Tuvalu climate relief deal hailed
Australia’s offer of climate change relief to the Pacific atoll nation of Tuvalu has been hailed as “ground breaking” by experts and a signpost for future similar deals.
Residents of the low-lying Pacific island nation of Tuvalu will now have a ‘special mobility pathway’ to permanent residency and citizenship in Australia, under the terms of the Australia-Tuvalu Falepili Union.
The bilateral pact announced at the Pacific Islands Forum in Cook Islands gives Tuvalu, a nation of 11,200 people, an exit strategy if the island succumbs to climate change induced rising sea levels.
The pact opens the way for an initial 280 people per year to resettle in Australia with rights to live, work and study.
It also provides Australia veto power over Tuvalu’s security arrangements with any other country.
Australia will also fund land reclamation and also assist Tuvalu if it faces natural disasters, pandemics and military aggression.
Professor of International Refugee Law at the University of NSW Jane McAdam said the move was “ground breaking”.
“Our region is already experiencing some of the most drastic effects of climate change. Pacific communities are showing enormous innovation and resilience in the face of these challenges, but as a matter of international solidarity and climate justice, additional support and cooperation is needed,” Prof McAdam said.
“One way of providing assistance is by creating migration pathways for people who wish to move. Australia’s recent Pacific Engagement Visa is one such example – enabling up to 3,000 workers and their families from the Pacific and Timor-Leste to migrate permanently to Australia each year.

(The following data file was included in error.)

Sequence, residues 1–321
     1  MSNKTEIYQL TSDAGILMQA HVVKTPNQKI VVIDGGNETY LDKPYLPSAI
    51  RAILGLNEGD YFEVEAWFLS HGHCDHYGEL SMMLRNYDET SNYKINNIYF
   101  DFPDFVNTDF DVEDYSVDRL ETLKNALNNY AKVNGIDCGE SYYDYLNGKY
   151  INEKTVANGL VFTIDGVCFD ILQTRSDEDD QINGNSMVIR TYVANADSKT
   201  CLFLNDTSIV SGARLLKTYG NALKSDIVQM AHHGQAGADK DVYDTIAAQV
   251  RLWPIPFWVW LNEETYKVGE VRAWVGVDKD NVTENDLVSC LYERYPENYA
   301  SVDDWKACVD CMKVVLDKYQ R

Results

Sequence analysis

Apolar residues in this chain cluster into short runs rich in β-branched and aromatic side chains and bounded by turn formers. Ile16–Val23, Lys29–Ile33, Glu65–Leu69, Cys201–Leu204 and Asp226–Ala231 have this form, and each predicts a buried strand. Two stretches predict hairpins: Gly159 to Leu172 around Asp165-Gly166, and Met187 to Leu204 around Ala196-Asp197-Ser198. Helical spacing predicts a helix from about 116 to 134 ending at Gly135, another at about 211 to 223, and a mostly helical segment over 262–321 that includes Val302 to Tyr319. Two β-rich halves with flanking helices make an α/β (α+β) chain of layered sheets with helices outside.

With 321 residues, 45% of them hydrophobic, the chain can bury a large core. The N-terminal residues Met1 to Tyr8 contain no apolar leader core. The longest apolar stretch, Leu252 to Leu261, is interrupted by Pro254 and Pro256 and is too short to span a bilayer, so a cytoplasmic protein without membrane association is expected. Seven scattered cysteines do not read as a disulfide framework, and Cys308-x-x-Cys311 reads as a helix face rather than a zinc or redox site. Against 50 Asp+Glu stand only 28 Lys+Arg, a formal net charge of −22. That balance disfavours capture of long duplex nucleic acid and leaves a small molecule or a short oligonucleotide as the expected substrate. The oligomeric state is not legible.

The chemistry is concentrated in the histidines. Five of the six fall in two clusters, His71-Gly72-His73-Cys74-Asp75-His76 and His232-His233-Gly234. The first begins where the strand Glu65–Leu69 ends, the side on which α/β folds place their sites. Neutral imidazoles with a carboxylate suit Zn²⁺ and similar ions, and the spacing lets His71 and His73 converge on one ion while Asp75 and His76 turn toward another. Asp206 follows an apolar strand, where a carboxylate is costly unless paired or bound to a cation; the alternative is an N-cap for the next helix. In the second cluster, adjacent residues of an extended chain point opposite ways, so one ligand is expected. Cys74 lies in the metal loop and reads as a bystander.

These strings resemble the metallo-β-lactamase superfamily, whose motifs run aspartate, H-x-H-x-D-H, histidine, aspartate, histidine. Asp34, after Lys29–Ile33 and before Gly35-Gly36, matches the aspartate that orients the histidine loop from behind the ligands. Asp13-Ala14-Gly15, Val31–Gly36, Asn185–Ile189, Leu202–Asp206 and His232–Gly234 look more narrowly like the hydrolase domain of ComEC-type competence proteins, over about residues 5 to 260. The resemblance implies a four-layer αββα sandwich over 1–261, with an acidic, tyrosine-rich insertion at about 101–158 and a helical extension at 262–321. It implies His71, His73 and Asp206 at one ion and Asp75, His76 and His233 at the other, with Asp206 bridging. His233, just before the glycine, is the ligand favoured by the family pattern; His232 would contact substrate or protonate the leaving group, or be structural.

“In addition, the announcement this week of an Australia–Tuvalu Falepili Union Treaty is ground breaking. Under this deal, Australia will provide migration pathways for people from Tuvalu facing the existential threat of climate change. It is the world’s first bilateral agreement on climate mobility,” Prof McAdam said.
Prime Minister Anthony Albanese, “developed nations have a responsibility to provide assistance” to countries like Tuvalu that are deeply impacted by climate change.
Under the treaty, Australia will implement a special visa arrangement to allow Tuvaluans to work, study and live in Australia. Not a refugee visa, the arrangement will allow up to 280 Tuvaluans to migrate to Australia each year on what seems a permanent basis.
The Tuvaluans will have access to Australian education, health care, and income and family support on arrival – providing people with both legal and psychological security.
Prof McAdam said that despite the threats posed by climate change, however, most Pacific peoples do not want to leave their homes. Being dislocated from home is one of the greatest forms of cultural, social and economic loss people can suffer. It can often lead to inter-generational trauma.
“While there are other programs in the Pacific that facilitate mobility, this is the first to do so specifically in the context of climate change,” she said.